Irish Fleabane is a hardy plant that is easy to grow in a garden setting. The plant prefers damp soil, and it is an ideal addition to a water garden or bog garden. It also grows well in moist, shaded areas, making it a good choice for a woodland garden.

Irish Fleabane is best grown from seed, and the seeds can be sown in spring or autumn. The plant is relatively low maintenance and requires minimal care. It is important to keep the soil moist, especially during the plant's growing season.

In conclusion, Irish Fleabane is a beautiful and versatile plant that has a long history of traditional medicinal use. Its modern-day uses in herbal medicine and aromatherapy are a testament to its many health benefits. If you are interested in growing this plant, it is relatively easy to cultivate, and it can make an excellent addition to any garden.

Benefits of Irish Fleabane

In addition to its traditional and modern uses, Irish Fleabane has been found to have several health benefits. Research has shown that the plant has anti-inflammatory and analgesic properties, which make it useful for treating conditions such as arthritis, joint pain, and headaches. The plant has also been found to have antimicrobial and antifungal properties, which may help to prevent and treat infections.

Irish Fleabane is rich in flavonoids, which are plant compounds that have antioxidant properties. Antioxidants are important for protecting the body against oxidative stress, which can damage cells and contribute to the development of chronic diseases. The plant's essential oils also contain terpenes, which have been found to have a variety of health benefits, including reducing inflammation, improving mood, and promoting relaxation.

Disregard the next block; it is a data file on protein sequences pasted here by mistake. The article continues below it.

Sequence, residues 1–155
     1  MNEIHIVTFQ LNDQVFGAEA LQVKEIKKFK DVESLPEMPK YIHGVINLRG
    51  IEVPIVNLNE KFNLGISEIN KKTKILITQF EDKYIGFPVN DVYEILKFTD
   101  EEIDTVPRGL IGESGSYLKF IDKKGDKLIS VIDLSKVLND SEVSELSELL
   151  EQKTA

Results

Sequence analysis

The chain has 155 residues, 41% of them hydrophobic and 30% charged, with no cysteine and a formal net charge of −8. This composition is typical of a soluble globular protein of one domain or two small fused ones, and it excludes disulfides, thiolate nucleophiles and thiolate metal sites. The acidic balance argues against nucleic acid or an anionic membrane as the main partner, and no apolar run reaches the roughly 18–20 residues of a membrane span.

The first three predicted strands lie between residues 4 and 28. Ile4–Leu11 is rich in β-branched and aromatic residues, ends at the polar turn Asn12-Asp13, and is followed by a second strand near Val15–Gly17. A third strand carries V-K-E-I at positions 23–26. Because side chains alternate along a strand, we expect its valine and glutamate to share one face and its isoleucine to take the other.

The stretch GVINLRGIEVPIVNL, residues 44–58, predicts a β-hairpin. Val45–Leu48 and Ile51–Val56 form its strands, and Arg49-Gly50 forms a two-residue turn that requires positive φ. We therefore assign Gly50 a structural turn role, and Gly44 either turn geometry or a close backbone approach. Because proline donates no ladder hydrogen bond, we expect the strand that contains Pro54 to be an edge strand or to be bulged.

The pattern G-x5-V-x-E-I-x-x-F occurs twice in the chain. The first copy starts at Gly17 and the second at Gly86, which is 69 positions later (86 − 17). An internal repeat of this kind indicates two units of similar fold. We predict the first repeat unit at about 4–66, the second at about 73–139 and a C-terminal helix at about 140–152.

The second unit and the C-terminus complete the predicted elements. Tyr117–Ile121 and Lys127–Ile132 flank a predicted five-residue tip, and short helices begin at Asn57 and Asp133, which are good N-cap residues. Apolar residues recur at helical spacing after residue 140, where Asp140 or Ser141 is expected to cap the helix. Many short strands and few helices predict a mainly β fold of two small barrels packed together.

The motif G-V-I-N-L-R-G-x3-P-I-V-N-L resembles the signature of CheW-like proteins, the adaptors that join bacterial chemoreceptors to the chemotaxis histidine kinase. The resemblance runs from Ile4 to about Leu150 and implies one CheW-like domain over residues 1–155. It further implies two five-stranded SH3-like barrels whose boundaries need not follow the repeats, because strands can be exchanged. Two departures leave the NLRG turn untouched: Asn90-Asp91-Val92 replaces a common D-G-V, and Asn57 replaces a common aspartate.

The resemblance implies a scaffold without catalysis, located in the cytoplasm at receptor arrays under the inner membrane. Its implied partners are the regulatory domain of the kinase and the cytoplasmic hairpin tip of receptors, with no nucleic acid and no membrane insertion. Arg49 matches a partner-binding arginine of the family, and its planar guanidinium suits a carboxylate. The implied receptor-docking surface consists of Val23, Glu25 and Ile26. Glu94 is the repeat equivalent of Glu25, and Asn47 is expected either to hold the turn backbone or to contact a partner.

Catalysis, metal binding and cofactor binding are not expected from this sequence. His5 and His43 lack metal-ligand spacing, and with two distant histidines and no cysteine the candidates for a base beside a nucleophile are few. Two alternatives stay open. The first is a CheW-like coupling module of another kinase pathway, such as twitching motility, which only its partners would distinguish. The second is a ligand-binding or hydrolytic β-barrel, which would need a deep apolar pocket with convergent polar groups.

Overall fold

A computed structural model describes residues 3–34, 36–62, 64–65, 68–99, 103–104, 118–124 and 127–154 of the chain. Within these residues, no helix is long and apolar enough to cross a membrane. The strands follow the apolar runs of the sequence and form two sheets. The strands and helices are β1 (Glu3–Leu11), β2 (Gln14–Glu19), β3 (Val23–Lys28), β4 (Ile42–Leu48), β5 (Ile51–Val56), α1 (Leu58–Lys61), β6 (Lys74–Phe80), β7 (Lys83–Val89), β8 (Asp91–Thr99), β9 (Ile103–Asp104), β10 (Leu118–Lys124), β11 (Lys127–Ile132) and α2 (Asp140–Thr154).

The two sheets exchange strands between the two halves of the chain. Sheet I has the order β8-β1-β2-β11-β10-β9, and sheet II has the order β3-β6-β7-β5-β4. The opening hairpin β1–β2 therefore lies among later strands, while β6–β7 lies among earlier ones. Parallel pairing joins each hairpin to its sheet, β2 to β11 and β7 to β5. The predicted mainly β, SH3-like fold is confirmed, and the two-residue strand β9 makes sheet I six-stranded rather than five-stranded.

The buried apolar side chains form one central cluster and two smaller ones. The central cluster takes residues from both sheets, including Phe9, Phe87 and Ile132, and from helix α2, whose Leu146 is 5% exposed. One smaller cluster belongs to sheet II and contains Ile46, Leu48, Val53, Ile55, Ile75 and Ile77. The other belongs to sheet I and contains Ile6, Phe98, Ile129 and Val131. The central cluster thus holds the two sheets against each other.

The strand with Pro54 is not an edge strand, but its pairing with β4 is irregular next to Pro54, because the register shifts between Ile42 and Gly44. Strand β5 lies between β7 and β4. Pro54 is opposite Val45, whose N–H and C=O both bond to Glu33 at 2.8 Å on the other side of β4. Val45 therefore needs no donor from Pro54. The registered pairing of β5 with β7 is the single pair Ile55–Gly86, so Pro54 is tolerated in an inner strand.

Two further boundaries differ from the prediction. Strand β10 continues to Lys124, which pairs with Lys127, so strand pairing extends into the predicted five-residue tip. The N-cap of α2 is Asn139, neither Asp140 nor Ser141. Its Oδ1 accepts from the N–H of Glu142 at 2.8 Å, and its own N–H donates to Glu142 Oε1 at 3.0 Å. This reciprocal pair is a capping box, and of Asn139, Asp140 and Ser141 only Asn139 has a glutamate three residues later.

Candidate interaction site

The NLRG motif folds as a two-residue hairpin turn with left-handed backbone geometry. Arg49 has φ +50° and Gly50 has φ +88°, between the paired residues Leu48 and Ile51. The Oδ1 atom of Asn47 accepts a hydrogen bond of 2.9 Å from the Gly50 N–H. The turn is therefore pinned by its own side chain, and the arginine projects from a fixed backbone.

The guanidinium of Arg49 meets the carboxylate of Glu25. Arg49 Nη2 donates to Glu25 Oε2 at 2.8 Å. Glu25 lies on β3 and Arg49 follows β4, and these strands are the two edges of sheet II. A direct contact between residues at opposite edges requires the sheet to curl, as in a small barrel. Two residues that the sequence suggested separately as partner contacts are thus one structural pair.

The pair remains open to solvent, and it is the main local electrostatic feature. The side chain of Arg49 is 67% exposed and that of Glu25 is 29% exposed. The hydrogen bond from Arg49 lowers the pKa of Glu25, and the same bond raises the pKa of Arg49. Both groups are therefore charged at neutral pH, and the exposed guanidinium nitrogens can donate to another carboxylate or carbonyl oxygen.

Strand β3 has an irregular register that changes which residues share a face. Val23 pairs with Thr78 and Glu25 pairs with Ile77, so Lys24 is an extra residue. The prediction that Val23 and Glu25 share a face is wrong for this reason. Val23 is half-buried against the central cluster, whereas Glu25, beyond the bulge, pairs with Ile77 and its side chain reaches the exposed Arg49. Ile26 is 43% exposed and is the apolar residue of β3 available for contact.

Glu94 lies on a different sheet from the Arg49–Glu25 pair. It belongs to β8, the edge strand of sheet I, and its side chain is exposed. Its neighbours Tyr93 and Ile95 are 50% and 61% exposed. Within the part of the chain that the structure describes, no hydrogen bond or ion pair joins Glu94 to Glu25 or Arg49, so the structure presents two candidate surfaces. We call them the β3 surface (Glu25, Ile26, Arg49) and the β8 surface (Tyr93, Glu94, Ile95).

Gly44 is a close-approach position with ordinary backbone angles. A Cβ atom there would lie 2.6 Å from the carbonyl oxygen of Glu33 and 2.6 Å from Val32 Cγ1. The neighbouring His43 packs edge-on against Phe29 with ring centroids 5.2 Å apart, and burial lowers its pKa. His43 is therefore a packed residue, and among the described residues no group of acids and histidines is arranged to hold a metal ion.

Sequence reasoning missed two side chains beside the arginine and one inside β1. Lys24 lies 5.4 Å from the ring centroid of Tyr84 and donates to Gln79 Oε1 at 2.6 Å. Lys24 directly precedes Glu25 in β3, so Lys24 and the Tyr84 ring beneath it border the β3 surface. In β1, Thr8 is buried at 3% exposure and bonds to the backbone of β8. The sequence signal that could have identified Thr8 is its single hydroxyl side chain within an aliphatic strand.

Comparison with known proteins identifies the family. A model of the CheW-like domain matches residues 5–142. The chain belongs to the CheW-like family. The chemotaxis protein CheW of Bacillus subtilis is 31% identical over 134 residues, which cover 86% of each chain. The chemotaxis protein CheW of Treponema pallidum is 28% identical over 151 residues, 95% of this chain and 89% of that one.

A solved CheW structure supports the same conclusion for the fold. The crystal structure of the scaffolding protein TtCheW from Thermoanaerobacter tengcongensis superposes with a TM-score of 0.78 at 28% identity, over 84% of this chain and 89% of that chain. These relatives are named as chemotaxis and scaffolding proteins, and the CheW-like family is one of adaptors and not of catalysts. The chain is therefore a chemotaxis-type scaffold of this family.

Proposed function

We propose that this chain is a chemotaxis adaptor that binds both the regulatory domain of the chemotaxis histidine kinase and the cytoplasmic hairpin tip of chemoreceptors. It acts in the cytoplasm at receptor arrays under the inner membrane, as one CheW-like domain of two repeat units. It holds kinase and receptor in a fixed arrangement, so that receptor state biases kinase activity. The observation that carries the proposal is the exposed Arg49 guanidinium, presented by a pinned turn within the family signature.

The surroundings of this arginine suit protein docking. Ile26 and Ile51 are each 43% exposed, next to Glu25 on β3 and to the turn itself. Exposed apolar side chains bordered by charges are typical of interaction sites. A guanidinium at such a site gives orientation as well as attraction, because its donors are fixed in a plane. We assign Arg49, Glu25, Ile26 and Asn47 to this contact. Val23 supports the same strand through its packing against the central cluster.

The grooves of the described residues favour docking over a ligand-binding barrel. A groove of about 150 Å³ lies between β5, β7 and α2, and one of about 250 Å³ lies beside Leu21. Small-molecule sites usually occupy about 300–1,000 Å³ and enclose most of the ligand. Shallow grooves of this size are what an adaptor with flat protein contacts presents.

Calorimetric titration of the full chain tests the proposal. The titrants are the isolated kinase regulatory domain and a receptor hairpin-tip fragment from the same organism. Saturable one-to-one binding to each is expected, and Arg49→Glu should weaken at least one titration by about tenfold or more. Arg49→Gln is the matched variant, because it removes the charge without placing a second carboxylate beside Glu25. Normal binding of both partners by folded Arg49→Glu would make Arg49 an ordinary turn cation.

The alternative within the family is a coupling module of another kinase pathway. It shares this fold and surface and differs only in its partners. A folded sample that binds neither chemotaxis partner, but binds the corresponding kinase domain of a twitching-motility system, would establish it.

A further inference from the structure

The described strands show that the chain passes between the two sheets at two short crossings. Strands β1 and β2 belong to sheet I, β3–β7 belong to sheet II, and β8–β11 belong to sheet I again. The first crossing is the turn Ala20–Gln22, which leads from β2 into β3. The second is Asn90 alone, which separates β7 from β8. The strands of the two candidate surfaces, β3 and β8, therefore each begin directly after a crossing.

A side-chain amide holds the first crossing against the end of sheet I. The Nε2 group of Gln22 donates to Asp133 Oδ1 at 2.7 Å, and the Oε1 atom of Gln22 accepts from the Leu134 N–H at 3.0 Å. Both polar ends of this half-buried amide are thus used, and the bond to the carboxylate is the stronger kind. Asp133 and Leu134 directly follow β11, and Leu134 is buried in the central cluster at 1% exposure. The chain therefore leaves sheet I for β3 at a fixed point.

While Irish Fleabane is generally considered safe, it is important to use caution when using any herbal remedy. Pregnant and breastfeeding women should avoid using Irish Fleabane, as there is not enough information available about its safety during these times. People with allergies to plants in the Asteraceae family should also avoid using the plant, as it may cause an allergic reaction.

It is always best to consult with a healthcare professional before using any herbal remedy, especially if you have a pre-existing medical condition or are taking any medications.

Conservation Status

Irish Fleabane is not currently listed as a threatened or endangered species, but it is considered a rare plant in some parts of its range. The plant's preferred habitat, which includes damp meadows and marshes, is becoming increasingly scarce due to land development and habitat destruction. Conservation efforts are underway to protect the plant and its habitat, and it is important to ensure that its populations remain stable in the wild.

Cultural Significance

Irish Fleabane has a special place in Irish folklore, where it is believed to have magical and healing properties. The plant was traditionally used to ward off evil spirits and protect against the evil eye. It was also believed that the plant could protect against sickness and bring good luck to those who carried it with them.

In modern times, Irish Fleabane is celebrated as a symbol of Ireland's natural heritage and is used as a decorative element in many Irish gardens. The plant's beautiful yellow flowers and willow-like leaves are a popular choice for adding color and texture to garden designs.

In addition to its cultural significance, Irish Fleabane is an important part of the ecological web, providing habitat and food for many different species of insects and other wildlife.

In conclusion, Irish Fleabane is a fascinating plant with a long history of traditional use and modern-day health benefits. Whether you are interested in its medicinal properties, its ecological significance, or its cultural significance, Irish Fleabane is a plant that is sure to impress. With its beautiful flowers and willow-like leaves, it is a popular choice for gardens and is a symbol of Ireland's natural heritage.

Distribution Map

Reproduced by kind permission of the BSBI.